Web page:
California Looks To Set Speed Limits On Cars

A law in California would require all new vehicles sold or manufactured in the state to include some sort of speed-limiting device.

According to the measure, certain automobiles would be required to have an intelligent speed restriction fitted beginning with the 2027 model year. With this speed restriction installed, the car could only go up to 10 mph faster than the posted limit. This provision is included in the text of Senate Bill 961, which Democratic state senator Scott Wiener presented. Under this measure, the California Highway Patrol Commissioner would have the power to deactivate the system on non-emergency cars that meet specific requirements, and such vehicles would be excused from the obligation altogether.

A global positioning system (GPS) connection to a database of speed limits and the ability to detect the vehicle’s position are prerequisites for the device’s operation. That way, we can be confident that the motorist isn’t over ten mph over the limit. This technology to limit speed already exists, according to Wiener, as described on X. Not only is the EU moving in this route, but the NTSB has also suggested making it mandatory across the country. He said fewer people will get hurt or killed in California car accidents due to the law and similar legislation that will increase road safety.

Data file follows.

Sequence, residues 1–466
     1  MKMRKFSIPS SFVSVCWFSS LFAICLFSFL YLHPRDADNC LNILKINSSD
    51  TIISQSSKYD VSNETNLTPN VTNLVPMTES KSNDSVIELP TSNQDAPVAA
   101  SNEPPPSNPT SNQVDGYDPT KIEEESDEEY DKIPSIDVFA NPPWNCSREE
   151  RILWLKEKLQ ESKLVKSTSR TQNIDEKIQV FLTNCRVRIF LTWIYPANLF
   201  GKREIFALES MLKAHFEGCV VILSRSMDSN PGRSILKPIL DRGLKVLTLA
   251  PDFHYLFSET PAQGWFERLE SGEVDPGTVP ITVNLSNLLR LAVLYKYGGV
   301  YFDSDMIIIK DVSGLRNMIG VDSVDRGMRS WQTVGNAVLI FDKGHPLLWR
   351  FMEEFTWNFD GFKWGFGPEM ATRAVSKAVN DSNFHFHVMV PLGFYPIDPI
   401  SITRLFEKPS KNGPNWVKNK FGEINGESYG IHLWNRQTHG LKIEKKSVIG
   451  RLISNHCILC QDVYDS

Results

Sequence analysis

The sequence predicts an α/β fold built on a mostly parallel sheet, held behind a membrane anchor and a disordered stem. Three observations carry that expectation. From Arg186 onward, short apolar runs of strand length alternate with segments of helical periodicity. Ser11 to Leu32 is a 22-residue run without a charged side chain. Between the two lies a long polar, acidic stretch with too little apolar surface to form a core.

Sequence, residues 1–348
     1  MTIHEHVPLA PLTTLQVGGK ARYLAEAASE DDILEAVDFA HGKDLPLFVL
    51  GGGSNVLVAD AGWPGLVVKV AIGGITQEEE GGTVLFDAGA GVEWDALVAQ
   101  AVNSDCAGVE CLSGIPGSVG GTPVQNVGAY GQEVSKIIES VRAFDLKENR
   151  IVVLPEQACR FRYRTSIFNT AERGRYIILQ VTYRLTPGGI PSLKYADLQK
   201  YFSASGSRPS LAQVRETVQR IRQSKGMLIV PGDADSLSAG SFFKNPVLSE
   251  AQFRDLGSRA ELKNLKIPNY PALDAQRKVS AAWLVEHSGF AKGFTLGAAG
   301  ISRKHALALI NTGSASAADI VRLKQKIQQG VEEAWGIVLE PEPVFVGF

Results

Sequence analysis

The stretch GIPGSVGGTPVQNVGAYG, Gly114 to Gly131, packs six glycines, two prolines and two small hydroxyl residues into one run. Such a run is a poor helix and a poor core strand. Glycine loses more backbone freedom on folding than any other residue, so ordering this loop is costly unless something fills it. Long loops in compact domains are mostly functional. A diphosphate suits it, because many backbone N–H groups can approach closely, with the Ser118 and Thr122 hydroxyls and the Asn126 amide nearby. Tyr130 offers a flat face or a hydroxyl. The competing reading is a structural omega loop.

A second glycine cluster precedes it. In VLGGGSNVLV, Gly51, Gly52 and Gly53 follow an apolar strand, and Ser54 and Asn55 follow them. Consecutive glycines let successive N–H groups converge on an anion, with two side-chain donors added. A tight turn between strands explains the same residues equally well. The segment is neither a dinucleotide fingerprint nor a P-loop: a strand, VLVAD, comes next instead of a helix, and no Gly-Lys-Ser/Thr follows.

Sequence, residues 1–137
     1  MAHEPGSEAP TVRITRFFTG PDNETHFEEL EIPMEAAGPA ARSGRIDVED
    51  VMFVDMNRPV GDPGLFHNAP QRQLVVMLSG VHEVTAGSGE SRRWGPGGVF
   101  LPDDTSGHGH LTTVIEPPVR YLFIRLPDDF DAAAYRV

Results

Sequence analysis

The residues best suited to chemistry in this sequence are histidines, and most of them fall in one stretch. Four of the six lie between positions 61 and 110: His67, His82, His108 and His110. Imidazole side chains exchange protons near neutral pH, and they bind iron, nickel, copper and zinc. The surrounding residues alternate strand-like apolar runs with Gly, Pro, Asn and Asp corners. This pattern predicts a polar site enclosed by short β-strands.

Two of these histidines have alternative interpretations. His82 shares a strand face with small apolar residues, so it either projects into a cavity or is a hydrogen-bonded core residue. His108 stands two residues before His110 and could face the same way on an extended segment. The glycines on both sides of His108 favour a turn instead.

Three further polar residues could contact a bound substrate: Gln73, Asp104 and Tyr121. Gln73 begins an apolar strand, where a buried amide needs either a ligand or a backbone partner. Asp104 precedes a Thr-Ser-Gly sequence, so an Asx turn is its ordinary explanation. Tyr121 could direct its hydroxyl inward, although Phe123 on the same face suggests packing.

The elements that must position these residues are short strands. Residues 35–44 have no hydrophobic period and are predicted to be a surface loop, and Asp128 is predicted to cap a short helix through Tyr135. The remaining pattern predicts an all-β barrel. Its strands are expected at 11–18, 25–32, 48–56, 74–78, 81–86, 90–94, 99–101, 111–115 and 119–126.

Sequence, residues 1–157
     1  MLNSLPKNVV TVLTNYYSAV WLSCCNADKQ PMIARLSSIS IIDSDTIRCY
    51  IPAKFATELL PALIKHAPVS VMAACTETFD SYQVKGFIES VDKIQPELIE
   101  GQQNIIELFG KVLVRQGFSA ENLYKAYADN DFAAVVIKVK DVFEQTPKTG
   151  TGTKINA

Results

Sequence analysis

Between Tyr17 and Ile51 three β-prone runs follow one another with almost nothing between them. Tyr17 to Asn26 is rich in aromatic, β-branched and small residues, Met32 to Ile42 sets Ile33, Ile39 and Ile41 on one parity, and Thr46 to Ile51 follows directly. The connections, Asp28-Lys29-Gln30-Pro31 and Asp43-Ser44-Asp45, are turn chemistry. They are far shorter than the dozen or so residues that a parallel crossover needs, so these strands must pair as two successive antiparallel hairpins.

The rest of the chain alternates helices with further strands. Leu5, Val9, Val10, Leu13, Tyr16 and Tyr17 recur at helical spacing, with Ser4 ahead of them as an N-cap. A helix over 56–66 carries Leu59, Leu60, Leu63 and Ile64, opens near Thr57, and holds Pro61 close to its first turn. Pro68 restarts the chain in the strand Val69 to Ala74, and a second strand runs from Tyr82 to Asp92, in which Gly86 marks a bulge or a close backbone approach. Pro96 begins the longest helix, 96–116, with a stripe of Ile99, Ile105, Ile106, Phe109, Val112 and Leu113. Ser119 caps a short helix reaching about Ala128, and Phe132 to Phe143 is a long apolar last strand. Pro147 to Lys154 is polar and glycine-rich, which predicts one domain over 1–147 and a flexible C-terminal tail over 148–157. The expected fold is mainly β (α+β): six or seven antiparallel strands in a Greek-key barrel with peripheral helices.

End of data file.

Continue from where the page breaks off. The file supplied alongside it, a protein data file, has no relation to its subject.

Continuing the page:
A provision in the 2021 bipartisan infrastructure package prompted Wiener to introduce his measure. Incorporating technology that can passively and correctly detect a driver’s blood alcohol content is a legal requirement for all future vehicles. The National Highway Traffic Safety Administration was tasked with creating a rule by November 2024, although the exact requirements for the device were not disclosed. If the agency decides to submit a report to Congress, it can delay the rule.

Reportedly, the new law aims to address the alarming increase in road deaths. Between 2019 and 2022, a 22% reported rise was reported in the Golden State alone. As stated in the press release of SB-961, according to the national transportation research group TRIP. A different analysis from U.C. Berkley’s SafeTREC indicates that between 2017 and 2021, there was a considerable 30 percent rise in the number of deaths in California that were caused by speeding. During the same time, there was a nearly 24% increase in these fatalities nationwide.

Along with the speed governor and side guard bills, Wiener has also sponsored S.B.960, a traffic safety measure requiring the state transportation agency Caltrans, to make physical improvements to road surfaces controlled by the state.